With 10-minute films, TikTok aims to take on YouTube. But will people watch?

TikTok now allows users to upload movies up to ten minutes long, up from the previous limit of three to five minutes.

A five-minute restriction has been in force since the beginning of 2019, although the firm has been testing various video lengths over the past 18 months.

In order to compete with YouTube and Instagram Reels, several producers requested TikTok to increase the duration. It’s unclear if TikTok viewers will desire 10-minute films in their ‘For You’ stream now that it’s available.

Ten-minute videos may only have appeal to a small segment of the population.

You view videos on TikTok by scrolling vertically. For the most part, TikTok’s attraction is to watch short videos to pass the time, even if you don’t follow any of the producers featured in the app’s “For You” section.

A 10-minute video could be a stretch for some. We’re on the verge of becoming a web movie or television programme. Star Wars: The Clone Wars, which aired in 2003, is a notable example of this, with episodes ranging in length from three to twelve minutes. We had a good time with the show, to be honest. TikTok’s new 10-minute time limit might open the door to more serial content on the site.

Though YouTube is an obvious competition for TitkTok in the short term, it’s also a site that is drawing some Tiktokers who are looking for more exposure on the internet.

See more

Some TikTok producers may benefit from longer films, such as baking pancakes, reminiscing about old TV series, or a documentary on a specific topic.

Instead of lazily scrolling around, viewers will be forced to sit down and concentrate on a 10-minute film. These lengthier videos, on the other hand, are completely optional. Ten-minute TikToks may or may not appear on your stream. Alternatively, you may aid the algorithm by not pausing to view any of them yourself. As a matter of fact, who has an hour to spare?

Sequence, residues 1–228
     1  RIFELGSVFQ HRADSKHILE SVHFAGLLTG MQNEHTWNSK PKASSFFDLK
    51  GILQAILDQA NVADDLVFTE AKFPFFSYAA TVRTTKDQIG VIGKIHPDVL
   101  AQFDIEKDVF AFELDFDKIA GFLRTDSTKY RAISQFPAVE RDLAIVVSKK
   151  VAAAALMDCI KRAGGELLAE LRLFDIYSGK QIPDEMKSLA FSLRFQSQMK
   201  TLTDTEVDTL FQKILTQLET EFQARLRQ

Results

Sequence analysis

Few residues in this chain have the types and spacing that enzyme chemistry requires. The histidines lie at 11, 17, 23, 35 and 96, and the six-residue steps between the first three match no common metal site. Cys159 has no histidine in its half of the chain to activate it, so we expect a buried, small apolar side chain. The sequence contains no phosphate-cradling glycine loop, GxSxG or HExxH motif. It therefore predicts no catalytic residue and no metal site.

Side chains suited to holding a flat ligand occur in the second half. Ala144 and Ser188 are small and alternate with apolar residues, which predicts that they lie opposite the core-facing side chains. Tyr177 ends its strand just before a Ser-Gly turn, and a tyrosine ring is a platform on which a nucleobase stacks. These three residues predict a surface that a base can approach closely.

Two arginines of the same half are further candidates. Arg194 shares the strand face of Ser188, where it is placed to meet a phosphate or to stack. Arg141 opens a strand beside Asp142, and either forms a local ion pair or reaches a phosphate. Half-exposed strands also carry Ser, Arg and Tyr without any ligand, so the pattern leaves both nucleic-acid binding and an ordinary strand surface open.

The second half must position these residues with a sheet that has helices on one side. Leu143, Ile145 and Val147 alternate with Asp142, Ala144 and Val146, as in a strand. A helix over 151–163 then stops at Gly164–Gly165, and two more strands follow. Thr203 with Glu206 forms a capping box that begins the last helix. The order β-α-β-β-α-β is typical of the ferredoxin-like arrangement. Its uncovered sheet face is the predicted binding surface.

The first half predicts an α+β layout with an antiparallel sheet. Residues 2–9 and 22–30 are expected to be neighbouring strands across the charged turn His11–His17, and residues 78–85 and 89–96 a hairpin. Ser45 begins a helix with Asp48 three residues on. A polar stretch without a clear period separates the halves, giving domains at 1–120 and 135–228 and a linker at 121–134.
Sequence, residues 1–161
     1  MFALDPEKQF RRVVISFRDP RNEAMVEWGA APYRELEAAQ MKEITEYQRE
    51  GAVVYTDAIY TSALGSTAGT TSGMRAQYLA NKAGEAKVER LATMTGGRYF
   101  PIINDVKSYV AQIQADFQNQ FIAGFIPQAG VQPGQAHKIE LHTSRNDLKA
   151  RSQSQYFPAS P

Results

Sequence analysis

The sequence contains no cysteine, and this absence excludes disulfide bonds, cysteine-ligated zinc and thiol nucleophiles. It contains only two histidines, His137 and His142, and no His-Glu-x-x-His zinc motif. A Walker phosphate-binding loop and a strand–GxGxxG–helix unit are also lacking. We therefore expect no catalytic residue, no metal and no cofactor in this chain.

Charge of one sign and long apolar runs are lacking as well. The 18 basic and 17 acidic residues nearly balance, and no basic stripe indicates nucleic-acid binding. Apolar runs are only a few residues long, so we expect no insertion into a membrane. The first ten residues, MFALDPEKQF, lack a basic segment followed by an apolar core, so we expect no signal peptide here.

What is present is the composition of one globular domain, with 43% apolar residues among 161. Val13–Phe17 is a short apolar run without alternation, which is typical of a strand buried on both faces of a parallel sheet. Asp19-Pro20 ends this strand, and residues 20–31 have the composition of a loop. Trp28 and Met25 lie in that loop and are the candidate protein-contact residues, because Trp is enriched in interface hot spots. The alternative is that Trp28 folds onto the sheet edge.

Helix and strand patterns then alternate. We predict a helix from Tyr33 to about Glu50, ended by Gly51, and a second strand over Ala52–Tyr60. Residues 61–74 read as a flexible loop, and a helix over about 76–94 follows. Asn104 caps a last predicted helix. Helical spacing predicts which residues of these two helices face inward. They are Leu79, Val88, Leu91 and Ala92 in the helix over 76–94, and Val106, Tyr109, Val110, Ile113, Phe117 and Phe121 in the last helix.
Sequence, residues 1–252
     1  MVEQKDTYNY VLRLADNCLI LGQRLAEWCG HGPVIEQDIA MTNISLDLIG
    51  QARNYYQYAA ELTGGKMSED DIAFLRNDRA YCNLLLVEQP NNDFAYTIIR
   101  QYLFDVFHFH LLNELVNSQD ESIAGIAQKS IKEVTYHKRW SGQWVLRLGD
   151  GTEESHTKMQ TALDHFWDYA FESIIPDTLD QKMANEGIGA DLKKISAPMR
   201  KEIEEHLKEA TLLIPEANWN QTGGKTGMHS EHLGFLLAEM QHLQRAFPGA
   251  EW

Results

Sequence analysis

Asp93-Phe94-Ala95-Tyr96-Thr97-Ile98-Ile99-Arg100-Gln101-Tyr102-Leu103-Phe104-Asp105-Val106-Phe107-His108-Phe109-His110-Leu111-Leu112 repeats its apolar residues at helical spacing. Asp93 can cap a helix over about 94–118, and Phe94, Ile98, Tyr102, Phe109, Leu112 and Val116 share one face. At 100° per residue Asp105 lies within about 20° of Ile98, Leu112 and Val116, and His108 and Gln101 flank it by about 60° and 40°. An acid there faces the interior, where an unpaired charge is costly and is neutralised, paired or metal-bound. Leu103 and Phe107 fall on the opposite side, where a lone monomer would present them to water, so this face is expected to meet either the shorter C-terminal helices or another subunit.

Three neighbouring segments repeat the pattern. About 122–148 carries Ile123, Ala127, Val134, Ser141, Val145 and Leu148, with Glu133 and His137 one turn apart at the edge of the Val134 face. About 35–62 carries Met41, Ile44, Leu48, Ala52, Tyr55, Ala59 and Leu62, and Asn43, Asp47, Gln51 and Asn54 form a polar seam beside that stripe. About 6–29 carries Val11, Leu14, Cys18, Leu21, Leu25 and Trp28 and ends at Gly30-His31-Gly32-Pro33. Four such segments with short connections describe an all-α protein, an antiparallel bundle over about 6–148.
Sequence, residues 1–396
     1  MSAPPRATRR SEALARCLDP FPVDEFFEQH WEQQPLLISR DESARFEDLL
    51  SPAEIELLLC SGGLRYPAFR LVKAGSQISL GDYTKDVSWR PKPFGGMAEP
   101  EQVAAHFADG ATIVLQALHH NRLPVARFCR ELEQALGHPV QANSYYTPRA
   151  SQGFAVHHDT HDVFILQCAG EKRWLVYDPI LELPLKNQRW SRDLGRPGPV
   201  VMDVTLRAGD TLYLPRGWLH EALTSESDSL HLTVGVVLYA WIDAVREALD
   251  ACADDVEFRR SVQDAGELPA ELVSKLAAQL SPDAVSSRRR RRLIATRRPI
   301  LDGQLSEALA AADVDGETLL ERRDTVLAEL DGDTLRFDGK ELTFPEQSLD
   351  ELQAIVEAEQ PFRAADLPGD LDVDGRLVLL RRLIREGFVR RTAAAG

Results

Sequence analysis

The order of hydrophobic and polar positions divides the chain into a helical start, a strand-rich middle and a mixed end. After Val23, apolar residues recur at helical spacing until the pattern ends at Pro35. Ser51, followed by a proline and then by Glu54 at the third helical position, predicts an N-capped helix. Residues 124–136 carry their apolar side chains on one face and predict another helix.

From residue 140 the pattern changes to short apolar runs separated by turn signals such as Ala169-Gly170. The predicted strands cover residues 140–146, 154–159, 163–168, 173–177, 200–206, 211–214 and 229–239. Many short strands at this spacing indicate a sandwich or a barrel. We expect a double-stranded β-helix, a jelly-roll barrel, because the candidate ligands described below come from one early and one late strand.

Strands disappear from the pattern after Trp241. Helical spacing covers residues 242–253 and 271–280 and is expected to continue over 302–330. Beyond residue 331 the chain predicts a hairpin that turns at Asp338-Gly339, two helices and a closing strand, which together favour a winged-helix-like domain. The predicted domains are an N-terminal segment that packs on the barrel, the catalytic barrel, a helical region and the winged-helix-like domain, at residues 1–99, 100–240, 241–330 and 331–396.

This is a message from Tiktok that they want its producers to explore issues that can only be conveyed in somewhat long-form video. Users’ reaction to the modification will determine their success in that endeavour.

As TikTok makes its way to YouTube, so does YouTube make its way to TikTok. Although YouTube has its own version of TikTok, known as Shorts, it is still in the early phases of development.

Tackling both YouTube and its own monetary concerns at the same time, TikTok hopes to keep producers from migrating to the possibly more lucrative YouTube.

Since TikTok’s monetization efforts appear to be minimal in comparison to those of YouTube, creators like hankschannel are turning to Google’s video platform in search of greater financial reward.

Longer videos for greater creative flexibility and increased monetization attempts to match the producers’ extra work with stronger cash streams are just two of the ways TikTok is trying to attract and retain active creators.

This is the company’s sole shot at taking on YouTube, but it also hinges on if more producers and consumers switch to TikTok and its new 10-minute video potential.